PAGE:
Why I Like Using Gradle in NetBeans IDE (Part 2)
Part 1 of the NetBeans/Gradle series came from Martin Steffen in Uruguay. Below, in part 2, we travel to Scotland!
My name is Douglas Maxwell. I’m Scottish and a Java software consultant specializing in financial apps.
I’ve been using Groovy for over a year now and that is what led me to start experimenting with Gradle. I enjoy the terseness and expressiveness of the Groovy language, which I am able to exploit for build management with Gradle, no more XML verbosity and the ability to exploit Ivy’s excellent dependency management.
I manage my own software codebase in Subversion. I develop using agile methods which means lots of unit and integration tests. The codebase is managed with Gradle and the CI jobs are executed on a Jenkins server. I prefer to develop in NetBeans IDE using Gradle to manage my projects primarily because of the excellent support for dependency management and the ease of use when configuring multi-project builds.
What follows is a short description of a basic server side module for trade capture and my typical development workflow:
- Go to Tools | Plugins in NetBeans IDE 7.2 and install the Gradle plugin. Then open or create a Gradle Java project in NetBeans IDE, using the Open Project dialog or New Project dialog to do so.
- Write code and configure dependencies in the Gradle "build" file:
This project consists of some service and DAO classes. It uses Spring JavaConfig and JPA to manage persistence. The database is sql server 2012 in spite of the fact that I am a big fan of Oracle 11g. There is a single integration test which runs a Groovy script to set up the database schema and inject the initial test data. Here is the build file.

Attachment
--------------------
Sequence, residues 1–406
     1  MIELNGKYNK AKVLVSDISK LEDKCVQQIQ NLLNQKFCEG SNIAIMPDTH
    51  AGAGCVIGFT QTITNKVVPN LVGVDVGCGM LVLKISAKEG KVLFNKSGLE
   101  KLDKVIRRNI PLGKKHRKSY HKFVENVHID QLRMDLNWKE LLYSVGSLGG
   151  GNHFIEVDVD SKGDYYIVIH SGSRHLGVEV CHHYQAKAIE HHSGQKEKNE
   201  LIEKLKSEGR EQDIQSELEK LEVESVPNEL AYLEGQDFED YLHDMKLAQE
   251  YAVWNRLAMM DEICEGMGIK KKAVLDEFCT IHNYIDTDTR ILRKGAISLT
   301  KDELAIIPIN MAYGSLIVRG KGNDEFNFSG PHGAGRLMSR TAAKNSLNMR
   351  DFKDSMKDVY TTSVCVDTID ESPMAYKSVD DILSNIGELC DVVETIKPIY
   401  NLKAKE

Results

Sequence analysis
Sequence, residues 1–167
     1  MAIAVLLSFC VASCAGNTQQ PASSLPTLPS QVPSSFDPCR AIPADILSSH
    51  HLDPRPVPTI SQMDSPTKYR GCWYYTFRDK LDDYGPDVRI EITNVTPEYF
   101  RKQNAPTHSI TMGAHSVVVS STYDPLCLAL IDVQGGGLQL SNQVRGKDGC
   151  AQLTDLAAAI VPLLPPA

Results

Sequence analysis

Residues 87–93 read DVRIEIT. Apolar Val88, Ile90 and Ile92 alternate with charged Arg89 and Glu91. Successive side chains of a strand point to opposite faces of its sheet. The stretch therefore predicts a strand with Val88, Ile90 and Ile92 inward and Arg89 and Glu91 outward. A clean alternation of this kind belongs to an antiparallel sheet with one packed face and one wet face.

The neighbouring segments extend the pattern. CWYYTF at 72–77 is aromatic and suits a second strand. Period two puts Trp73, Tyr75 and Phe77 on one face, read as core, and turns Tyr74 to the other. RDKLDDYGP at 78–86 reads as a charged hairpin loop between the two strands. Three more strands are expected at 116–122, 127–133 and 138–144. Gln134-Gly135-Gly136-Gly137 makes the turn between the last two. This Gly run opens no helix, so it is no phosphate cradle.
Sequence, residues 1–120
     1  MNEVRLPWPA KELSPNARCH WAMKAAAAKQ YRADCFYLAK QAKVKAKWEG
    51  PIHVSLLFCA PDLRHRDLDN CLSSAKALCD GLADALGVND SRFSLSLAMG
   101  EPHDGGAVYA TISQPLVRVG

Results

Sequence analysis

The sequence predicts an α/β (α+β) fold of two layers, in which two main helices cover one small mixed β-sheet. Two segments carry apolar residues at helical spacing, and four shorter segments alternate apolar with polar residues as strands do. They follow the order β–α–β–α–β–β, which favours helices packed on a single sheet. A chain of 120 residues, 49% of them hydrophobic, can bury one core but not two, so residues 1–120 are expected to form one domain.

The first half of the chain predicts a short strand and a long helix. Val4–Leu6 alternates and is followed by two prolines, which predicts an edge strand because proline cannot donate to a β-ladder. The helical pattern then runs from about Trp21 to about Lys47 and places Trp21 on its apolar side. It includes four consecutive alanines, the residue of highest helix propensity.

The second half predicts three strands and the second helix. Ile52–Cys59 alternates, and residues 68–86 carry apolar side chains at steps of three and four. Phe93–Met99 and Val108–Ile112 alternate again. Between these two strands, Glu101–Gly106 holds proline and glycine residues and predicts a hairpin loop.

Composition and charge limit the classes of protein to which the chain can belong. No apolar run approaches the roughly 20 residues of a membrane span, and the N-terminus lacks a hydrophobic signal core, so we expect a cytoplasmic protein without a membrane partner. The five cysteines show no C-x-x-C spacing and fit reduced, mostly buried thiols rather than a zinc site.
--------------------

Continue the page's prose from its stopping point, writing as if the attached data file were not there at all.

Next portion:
As you can see it uses artifacts from a local Ivy repository. The output from the build is deployed to the same repository.
- I run all the test locally:
- The changes are then committed to the Subversion repository. Currently I do this external to NetBeans IDE, though I think this can be done from the IDE with the latest version of the plugin.
- As this project is not part of my main build, I have setup a separate gradle job in Jenkins, which runs when changes are detected in the Subversion repository.
ConclusionI am very impressed with the NetBeans plugin for Gradle so far. Rarely do I have to step out of NetBeans IDE and run a part of the build from the Gradle command line. I would, however, like to see some of these features added:
- the ability to add command line switches when a task is executed
- the ability to navigate test results in the Projects window
- the ability to add Groovy sources
- the ability to create different types of Gradle projects with the appropriate plugins and dependencies added automatically
- the ability to have a project update automatically when changes are applied to the build file.
The last feature might be implemented but it just doesn’t seem to work for me!